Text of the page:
Three Utah counties have filed notice with the 10th Circuit Court of Appeals in Denver that they intend to continue fighting for ownership of dirt roads on public lands under a 19th century mining law.
San Juan, Garfield and Kane counties are looking to overturn a February decision by U.S. District Judge Tena Campbell upholding her 2001 landmark ruling that the claims to the roads were unsubstantiated.
"I'm not surprised," said Heidi McIntosh, an attorney for the Southern Utah Wilderness Alliance. The legal battle over the rural roads began in 1996, when SUWA and the Sierra Club sued the counties for grading roads in areas under review for wilderness protection.
The areas where the 16 routes identified in the conservationists' lawsuit were located included Hart's Point near Canyonlands National Park and the Grand Staircase-Escalante National Monument.
The mining law, known as RS2477, was repealed in 1976, but any road in place prior to that time can qualify as a local right of way. Campbell, though, said the routes were not valid claims because they had never been constructed, and did not have an identifiable destination.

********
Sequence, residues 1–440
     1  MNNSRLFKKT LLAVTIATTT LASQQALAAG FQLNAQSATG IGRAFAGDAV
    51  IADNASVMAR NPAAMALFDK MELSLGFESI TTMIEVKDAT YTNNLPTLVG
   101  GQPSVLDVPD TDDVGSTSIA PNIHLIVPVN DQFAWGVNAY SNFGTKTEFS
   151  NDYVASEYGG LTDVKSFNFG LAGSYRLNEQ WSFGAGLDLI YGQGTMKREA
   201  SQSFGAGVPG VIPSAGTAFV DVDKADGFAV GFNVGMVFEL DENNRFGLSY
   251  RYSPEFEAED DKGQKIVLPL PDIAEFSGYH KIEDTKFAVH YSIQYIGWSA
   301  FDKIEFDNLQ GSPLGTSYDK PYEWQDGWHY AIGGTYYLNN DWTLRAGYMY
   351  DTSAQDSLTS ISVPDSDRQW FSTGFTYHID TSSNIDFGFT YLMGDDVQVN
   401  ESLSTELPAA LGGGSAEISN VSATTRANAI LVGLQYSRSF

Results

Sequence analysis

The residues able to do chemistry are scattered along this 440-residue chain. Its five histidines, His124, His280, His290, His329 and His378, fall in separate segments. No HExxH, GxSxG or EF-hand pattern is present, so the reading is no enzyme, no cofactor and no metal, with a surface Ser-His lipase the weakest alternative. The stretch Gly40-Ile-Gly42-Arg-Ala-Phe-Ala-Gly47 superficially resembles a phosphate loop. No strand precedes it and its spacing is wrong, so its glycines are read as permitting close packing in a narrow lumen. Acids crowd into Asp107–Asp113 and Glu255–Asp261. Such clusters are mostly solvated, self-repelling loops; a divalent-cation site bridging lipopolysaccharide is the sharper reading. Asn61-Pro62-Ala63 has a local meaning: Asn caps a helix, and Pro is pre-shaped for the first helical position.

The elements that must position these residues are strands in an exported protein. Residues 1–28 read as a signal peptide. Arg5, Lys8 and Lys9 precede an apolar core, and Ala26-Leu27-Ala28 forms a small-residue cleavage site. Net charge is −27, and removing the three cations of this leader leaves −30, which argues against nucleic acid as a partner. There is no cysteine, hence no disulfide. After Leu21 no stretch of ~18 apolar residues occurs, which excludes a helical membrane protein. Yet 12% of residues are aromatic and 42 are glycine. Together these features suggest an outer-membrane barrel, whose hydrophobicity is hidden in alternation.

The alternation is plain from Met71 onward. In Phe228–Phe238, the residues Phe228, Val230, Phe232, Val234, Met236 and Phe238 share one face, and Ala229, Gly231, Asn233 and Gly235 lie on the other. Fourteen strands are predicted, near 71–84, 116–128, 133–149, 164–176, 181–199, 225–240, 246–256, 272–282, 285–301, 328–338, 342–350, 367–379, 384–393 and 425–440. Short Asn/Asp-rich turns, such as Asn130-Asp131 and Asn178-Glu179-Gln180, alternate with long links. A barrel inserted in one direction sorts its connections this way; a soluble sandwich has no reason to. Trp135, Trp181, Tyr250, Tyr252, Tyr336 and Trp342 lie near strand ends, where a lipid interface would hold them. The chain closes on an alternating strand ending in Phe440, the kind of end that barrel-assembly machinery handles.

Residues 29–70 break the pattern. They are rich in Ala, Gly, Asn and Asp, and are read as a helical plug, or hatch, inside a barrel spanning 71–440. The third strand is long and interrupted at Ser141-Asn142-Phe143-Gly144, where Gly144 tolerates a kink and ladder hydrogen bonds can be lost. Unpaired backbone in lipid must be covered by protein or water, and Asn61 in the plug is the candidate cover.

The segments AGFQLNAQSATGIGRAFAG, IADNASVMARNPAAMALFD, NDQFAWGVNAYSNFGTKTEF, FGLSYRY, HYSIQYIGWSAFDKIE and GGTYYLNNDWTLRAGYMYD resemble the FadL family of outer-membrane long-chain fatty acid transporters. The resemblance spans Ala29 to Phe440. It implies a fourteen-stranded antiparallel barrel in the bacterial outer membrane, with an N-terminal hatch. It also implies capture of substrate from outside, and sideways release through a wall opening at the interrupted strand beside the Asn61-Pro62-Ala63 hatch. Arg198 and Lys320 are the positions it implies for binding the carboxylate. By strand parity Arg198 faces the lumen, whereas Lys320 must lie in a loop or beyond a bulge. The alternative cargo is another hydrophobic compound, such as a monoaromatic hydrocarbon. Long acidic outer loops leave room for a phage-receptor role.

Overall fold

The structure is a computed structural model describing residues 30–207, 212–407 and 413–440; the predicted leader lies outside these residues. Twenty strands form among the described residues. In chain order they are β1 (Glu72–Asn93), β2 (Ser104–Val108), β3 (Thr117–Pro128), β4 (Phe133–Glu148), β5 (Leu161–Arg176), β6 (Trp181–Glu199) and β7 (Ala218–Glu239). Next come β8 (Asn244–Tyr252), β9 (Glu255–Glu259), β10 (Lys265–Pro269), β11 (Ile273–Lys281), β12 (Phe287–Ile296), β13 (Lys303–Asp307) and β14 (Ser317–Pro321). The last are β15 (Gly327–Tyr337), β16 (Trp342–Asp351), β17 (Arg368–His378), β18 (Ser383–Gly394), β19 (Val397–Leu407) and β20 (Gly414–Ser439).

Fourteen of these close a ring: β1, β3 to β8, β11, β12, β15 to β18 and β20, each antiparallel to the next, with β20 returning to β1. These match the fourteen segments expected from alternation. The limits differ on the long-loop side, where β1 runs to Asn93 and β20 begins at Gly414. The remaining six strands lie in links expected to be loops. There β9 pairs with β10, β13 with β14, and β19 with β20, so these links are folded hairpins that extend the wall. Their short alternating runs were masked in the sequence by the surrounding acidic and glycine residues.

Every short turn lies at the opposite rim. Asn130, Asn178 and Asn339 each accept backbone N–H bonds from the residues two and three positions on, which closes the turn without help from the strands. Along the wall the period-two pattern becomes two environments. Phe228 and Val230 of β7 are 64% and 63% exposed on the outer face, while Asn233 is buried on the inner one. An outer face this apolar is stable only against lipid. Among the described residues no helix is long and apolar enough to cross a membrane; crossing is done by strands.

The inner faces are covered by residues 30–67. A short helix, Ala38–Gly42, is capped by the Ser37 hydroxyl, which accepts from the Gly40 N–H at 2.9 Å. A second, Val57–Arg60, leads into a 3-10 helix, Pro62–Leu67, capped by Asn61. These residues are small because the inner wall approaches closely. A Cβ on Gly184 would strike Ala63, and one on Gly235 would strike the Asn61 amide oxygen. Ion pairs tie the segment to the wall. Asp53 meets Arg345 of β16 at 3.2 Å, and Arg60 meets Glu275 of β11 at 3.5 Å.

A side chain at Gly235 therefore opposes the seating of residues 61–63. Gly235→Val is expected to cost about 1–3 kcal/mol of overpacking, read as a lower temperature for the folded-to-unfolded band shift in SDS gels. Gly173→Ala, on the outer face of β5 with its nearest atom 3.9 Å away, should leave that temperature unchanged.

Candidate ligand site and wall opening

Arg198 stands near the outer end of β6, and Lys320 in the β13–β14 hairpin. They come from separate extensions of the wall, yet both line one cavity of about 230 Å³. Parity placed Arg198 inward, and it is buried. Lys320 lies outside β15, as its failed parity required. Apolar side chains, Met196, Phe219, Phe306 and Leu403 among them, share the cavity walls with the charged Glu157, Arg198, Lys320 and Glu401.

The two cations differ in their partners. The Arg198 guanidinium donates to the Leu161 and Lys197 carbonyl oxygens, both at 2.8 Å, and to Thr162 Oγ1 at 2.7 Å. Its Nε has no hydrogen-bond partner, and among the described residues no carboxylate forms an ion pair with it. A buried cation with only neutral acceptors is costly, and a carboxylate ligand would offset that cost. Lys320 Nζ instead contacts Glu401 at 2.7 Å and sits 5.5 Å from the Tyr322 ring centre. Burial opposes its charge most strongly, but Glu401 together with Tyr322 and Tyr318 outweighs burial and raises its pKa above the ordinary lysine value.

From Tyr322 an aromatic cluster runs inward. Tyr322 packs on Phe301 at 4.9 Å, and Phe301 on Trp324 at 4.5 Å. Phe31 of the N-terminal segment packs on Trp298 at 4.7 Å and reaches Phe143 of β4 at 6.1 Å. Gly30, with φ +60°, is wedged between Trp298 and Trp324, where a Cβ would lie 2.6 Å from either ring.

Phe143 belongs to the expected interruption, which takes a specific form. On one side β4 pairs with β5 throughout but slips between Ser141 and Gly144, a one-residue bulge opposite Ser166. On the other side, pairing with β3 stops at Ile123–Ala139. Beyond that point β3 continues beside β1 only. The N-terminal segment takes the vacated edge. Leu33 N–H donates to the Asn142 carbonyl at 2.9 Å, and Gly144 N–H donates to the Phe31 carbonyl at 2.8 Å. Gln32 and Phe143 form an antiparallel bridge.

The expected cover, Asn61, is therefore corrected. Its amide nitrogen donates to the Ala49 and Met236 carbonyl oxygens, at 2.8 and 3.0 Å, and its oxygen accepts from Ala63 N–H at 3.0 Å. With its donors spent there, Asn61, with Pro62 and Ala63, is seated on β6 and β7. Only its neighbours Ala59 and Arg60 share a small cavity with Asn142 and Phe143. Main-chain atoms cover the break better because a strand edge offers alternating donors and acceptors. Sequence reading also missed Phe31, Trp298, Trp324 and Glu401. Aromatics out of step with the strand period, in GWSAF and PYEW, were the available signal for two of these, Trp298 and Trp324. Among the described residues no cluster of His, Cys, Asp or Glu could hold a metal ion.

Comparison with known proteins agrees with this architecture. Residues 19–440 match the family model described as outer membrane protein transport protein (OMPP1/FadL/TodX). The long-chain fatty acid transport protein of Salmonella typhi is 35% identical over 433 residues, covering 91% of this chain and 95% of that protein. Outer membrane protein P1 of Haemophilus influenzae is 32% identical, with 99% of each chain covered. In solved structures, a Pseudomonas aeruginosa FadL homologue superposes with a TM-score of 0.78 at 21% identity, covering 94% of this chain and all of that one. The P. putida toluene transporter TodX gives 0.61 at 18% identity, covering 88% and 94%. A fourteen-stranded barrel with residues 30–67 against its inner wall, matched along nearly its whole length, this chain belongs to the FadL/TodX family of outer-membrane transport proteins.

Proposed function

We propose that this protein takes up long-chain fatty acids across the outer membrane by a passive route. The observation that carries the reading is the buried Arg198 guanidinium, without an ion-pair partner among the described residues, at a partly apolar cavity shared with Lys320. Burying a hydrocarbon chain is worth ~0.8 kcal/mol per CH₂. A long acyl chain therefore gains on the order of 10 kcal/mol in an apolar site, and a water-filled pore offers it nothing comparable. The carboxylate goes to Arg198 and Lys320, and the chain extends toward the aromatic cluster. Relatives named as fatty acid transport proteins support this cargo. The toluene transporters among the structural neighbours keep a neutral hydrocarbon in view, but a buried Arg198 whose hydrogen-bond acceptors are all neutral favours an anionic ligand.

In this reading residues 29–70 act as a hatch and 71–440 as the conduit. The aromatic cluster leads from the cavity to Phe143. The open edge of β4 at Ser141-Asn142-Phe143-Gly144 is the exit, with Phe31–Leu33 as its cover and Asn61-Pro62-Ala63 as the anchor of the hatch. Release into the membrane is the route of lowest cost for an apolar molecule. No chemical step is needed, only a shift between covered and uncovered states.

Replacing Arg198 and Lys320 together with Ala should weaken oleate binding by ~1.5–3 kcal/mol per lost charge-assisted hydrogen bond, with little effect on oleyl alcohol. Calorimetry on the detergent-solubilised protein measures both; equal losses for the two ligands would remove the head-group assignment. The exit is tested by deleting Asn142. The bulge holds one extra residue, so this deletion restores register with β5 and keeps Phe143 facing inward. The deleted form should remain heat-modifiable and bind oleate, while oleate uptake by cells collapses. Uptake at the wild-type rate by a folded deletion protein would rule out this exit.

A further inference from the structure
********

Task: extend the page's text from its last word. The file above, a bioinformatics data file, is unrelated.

Ralph Finlayson, an assistant Utah attorney general representing Garfield and Kane counties, said the decision makes it "virtually impossible to prove the validity of a road." That affects transportation in all of rural Utah, he said, not just the routes in question.
McIntosh said what's at issue is whether dry stream beds, abandoned jeep tracks and similar areas should constitute a highway. She said the counties' objection is not intended to safeguard public access but to prevent areas from being designated as wilderness.